Panel Round 1
PETER SAGAL, HOST:
We want to remind everybody they can join us most weeks right here at the Chase Bank Auditorium in downtown Chicago, Ill. For tickets and more information, go to wbez.org. Or you can find a link at our website, which is waitwait.npr.org.
Right now, panel, it is time for you to answer some questions about this week's news. Adam, according to a new survey out of Britain, nearly 20 percent of parents regret what?
ADAM FELBER: Scones.
SAGAL: Never personally had a scone that I regretted for an instant, Adam. That's not it.
FELBER: Having children.
SAGAL: Not, no - they're - they - they're not that bad.
FELBER: Keeping children.
SAGAL: But they regret - some of them regret it as soon as they see it on the birth certificate.
FAITH SALIE: Oh.
FELBER: Naming them.
SAGAL: Yes, naming them. They regret...
SAGAL: Twenty percent of parents...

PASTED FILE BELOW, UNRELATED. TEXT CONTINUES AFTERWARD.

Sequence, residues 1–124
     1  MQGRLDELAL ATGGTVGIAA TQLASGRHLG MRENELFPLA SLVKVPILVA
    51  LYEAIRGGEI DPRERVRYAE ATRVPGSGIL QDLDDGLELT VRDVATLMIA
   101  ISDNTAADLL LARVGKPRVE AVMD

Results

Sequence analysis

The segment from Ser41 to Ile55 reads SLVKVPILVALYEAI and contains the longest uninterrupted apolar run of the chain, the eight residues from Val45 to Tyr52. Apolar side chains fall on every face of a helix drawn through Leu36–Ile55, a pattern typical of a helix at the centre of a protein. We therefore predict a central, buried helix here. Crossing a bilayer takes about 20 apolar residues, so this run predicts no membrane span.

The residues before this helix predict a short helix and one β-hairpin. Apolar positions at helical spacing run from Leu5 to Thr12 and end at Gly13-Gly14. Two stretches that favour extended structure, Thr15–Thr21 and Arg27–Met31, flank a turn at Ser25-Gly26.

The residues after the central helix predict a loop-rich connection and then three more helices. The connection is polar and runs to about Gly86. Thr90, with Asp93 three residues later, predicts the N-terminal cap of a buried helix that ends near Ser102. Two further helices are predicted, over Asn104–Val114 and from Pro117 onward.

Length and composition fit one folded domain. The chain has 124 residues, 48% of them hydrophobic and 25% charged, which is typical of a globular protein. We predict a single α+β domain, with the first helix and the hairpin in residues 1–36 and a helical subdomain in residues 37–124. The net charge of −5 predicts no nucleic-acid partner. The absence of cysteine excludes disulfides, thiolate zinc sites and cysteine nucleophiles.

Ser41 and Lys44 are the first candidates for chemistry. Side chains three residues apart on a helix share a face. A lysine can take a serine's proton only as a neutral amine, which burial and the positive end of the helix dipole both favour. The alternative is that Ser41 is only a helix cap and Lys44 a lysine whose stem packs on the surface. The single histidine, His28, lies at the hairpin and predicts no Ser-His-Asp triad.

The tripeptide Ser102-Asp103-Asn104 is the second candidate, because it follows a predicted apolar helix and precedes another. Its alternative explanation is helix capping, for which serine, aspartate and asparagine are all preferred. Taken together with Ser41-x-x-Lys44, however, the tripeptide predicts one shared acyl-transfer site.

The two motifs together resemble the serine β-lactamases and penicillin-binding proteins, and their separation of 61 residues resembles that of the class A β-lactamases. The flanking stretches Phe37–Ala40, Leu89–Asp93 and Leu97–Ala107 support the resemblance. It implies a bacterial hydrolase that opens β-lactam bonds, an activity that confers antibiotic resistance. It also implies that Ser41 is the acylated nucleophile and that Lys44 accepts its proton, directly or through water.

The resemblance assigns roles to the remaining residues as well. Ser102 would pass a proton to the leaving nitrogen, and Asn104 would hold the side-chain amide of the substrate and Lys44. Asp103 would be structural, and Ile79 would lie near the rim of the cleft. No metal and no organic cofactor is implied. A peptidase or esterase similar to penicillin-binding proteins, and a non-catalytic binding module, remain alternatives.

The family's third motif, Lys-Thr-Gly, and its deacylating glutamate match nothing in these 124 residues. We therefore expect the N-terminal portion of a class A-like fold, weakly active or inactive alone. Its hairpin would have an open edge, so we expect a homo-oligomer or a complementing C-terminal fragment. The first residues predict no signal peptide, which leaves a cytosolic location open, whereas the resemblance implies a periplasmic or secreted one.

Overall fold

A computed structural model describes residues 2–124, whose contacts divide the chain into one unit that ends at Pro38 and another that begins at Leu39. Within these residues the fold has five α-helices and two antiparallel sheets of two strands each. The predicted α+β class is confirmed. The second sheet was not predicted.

SAGAL: ...Regret the name they gave their children. According to the poll, 18 percent of British parents regret their baby's name, 2 percent end up changing it. It's not always the parents' fault. Popular culture can take your baby's name and change it. And it can be problematic or embarrassing for the kids if, you know, they think that you named your child after the popular culture. So you have to say things like, no, no, we don't watch reality TV. Black Chyna was my grandmother's name.
FELBER: (Laughter) And her favorite...
SALIE: I'm not...
FELBER: ...Thing to serve Thanksgiving on.
SAGAL: Yes. One mom in the survey says she regretted her child's name when it was, quote, "taken by a terrorist group soon after she was born," unquote. Poor little Symbionese Liberation Army Johnson.
SALIE: (Laughter) Have - do you - we're all parents - anybody got regrets?
FELBER: I feel bad about naming my boy son of a whore.
SAGAL: It's getting trendy now though.
SALIE: It is.
SAGAL: Coming up, we get an arty Bluff The Listener game. Call 1-888-WAIT-WAIT to play. We'll be back in a minute with more of WAIT WAIT... DON'T TELL ME from NPR.
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